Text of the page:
We haven’t tested a diesel before (insert awkward virginity joke here). We drove the 2012 Volkswagen Passat TDI SEL. This Passat had the premium package and had way better looking seats than the GTI’s plaid ones. This was a four cylinder engine that we weren’t expecting.
The interior rivaled that of the Lexus IS250C that we drove during the convertible series. The main difference being that the Passat had mostly leather seats. The middle portion of each seat was a German engineered micro-fiber. When the VW salesman said this we laughed out loud. He was doing a very good job of “selling” the car, so we asked him if he meant “cloth” seats. He used the phrase “micro-fiber” at least six times in the next three minutes. Whatever… Basically the outside three inches, sides, and back of each seat is leather with a cloth middle portion. It didn’t bother us at all, since we had clothes on. You can’t feel the micro-fiber stuff through your clothes and maybe being German engineered means the stuff will last longer. Plus, we never drive naked, so don’t have to worry about not feeling the leather.
The media center was what we would expect of a German engineered car and also seemed appropriate for $33,185. It was a media center that you could spend more time fiddling with than actually driving the car. We were disappointed that it wasn’t a touch screen. The Charger ruined us. We want them all to be touch screens now. Motor Industry, take heed, please make this happen!
This was an extremely roomy vehicle. We again let Chris set the driver’s seat to his driving position and then took turns sitting behind him. Even Chris had almost an inch of leg room behind the driver’s seat, which was very impressive. Once Chris started to drive, he had to move the seat a little more forward adding to the back-seat nirvana. It was really impressive. The kind of leg room the Taurus should’ve had. Well done, VW engineers. Overall, we could have sat in this car longer than our test drive allowed.
The exterior of the new Passat looks like the old Passat, with all models of cars refining their lines. There seem to be fewer cars with curves or swoops, and more with angular, sharp edges. The leading edge of the Passat has a sharper edge to it.
The lower front grille looks like it came straight out of the GTI parts bin. It is the same black honeycomb look and we love it. The grille makes the otherwise sedate Passat look just a little bit tough. No one would buy this vehicle based on this, in fact most of you will struggle to see it in the pictures, but we still liked it.
We had never driven a diesel and expected this one to be slow, boring, and irritating. That wasn’t the case.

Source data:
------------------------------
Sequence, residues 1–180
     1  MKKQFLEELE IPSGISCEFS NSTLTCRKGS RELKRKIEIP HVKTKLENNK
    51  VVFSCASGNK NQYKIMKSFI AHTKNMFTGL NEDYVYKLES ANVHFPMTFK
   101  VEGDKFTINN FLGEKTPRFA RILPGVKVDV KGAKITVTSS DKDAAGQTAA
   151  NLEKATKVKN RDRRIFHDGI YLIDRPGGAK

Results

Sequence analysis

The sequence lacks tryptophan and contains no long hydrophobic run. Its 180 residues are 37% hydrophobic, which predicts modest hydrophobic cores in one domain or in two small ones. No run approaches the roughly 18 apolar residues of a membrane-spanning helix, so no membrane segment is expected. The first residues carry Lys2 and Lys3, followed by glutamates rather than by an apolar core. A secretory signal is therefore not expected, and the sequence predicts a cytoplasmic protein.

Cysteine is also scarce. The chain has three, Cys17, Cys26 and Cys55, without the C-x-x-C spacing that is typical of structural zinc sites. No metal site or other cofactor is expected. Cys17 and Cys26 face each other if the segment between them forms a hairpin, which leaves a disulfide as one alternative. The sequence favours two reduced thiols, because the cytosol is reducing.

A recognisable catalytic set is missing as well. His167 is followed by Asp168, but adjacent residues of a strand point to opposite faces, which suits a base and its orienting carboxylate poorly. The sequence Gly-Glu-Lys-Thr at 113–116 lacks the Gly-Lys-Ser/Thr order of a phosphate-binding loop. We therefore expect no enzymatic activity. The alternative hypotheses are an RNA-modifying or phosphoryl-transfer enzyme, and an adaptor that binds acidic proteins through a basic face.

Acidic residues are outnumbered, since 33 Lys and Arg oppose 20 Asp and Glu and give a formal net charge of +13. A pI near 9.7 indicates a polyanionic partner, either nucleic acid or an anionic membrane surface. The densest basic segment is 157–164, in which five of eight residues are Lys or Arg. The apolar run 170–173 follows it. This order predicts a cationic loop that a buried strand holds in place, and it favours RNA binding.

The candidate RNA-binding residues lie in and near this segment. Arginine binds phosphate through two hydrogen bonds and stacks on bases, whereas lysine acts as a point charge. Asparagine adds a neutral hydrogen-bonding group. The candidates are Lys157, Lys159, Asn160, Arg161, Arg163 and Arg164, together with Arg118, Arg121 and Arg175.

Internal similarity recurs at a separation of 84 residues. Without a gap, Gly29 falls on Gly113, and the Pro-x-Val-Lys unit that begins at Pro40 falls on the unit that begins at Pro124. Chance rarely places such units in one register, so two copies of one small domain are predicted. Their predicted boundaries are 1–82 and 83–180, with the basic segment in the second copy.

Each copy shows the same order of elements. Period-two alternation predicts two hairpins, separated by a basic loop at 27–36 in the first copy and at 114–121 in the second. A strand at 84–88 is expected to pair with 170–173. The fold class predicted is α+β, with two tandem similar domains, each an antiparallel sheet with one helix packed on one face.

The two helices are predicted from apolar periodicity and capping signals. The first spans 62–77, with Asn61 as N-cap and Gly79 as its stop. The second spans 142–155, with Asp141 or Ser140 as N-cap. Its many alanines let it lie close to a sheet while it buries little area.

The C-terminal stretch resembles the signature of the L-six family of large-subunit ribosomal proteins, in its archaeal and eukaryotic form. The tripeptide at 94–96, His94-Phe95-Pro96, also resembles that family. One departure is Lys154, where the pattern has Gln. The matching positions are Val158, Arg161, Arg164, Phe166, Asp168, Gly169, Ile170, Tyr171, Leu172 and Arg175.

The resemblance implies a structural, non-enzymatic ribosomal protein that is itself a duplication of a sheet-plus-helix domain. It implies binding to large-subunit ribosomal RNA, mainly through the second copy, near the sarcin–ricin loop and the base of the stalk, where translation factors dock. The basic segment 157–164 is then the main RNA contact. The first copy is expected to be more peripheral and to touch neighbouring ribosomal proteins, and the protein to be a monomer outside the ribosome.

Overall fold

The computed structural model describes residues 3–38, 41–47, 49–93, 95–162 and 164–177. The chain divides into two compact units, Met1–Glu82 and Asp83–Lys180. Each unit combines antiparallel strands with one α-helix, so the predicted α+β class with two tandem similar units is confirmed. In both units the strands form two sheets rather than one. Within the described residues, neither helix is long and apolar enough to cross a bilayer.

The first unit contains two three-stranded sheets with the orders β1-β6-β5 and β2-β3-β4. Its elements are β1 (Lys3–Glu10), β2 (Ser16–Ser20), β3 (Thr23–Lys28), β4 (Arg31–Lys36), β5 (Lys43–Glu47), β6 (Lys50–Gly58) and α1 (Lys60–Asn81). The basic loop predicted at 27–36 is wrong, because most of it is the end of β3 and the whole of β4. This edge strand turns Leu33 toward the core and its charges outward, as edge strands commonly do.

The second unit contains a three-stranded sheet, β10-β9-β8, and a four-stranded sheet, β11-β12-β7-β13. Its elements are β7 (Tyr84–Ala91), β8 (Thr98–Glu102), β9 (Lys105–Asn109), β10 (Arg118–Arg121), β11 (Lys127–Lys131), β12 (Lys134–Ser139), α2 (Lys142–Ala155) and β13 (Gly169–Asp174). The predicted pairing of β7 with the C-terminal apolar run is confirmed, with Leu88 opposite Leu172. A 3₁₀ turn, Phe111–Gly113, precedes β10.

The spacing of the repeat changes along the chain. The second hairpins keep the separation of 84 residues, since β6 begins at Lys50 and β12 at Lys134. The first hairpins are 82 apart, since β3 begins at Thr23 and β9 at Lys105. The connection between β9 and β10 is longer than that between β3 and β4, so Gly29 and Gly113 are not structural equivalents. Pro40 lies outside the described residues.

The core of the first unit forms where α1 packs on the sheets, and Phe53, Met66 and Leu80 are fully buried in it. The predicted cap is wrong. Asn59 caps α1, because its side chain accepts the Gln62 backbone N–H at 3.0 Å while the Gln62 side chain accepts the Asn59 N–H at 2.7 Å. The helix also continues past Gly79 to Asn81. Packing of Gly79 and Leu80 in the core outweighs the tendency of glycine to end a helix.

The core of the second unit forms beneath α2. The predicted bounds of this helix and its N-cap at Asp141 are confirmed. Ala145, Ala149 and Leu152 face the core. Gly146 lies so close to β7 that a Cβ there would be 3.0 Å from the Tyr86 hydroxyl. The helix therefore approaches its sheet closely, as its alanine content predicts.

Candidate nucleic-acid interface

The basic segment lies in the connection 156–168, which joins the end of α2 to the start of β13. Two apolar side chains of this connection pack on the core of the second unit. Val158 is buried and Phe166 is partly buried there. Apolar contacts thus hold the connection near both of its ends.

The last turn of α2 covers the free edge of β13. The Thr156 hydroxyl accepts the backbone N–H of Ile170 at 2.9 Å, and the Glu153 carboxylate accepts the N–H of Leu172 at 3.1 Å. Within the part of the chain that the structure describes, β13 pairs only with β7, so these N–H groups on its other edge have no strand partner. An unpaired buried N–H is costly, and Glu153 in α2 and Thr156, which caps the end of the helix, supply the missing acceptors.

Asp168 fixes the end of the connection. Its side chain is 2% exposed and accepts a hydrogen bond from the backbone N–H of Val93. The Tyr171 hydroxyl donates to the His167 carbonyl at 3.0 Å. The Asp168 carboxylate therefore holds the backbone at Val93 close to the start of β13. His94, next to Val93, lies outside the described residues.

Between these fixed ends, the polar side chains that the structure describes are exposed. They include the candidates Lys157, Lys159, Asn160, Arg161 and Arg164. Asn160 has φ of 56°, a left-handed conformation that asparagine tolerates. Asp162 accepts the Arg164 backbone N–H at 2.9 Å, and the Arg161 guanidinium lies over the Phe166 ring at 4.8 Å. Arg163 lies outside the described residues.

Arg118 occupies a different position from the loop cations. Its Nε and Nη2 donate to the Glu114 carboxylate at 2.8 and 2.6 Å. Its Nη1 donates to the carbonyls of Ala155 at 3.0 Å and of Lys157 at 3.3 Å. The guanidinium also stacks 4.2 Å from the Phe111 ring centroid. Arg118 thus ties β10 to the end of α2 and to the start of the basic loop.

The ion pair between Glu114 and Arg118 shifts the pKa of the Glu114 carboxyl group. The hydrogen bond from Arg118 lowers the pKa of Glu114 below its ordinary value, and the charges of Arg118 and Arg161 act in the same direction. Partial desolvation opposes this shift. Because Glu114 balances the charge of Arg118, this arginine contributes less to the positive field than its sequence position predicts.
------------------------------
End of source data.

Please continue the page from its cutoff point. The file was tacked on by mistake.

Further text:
Off the line, the Passat will not be winning a race ever, unless the other driver is narcoleptic and sleeps through the start. This car wasn’t underpowered though. It redlined around 5,000 rpms, which seemed a little low, but the transmission always shifted before it got close to that number.
The mileage was some pretty fantastic numbers. Getting 30 mpgs in the city and 40 on the highway, makes buying a diesel a reason for doing some math. If you have a long highway commute, we would suggest a turbo diesel. It’s hard to argue with 40 mpgs. Edmunds has the mileage working out a little better than the sticker states. They have the TDI SEL getting 31 in the city and 43 on the highway. The price of diesel plus the price of the Passat only makes the math work with a long highway commute.
The 2.5L five cylinder gas engine (170 horsepower) only achieves 22 city and 31 highway, and the V6 (280 horsepower) achieves 20 city and 28 highway, which is better than the Taurus, Maxima, Legacy, and Charger. We have concerns about the V6 being similar to the Maxima, in that it will be in sport sedan and touring cruiser limbo, but we haven’t driven it yet.
The TDI Passat was nimble and well-powered. Off the line is where our disappointment lies; then again, it is a diesel... The Passat compares to the Taurus in the style of vehicle. The Taurus is wider (4 inches) and more powerful, but the Passat has a more welcoming interior and has an inch more legroom in the back seat. The voice activated system in the Ford beats anything the Passat had to offer. The Taurus also has the sweet back-up camera located on the rear view mirror; the Passat doesn’t have it even as an option. If you like your bells and whistles and most guys do, we will let you decide.
The four cylinder turbo diesel turns out 140 horsepower. That’s 123 less horsepower than the Taurus, but the Passat weighs 618 lbs. less than the Taurus. Both vehicles based around $25,000 for a comfortable sedan. The Taurus seemed to have more bells and whistles, but the extra legroom in the back of the Passat and better mpgs with all engine options would be something to consider.
Overall, we were happy with the Passat. The ride, gear changes, and interior were smooth and stylish. The look of the car doesn’t detract from its performance and had us looking at a diesel in a new light. We wonder when VW will make a GTI diesel… Hopefully, never!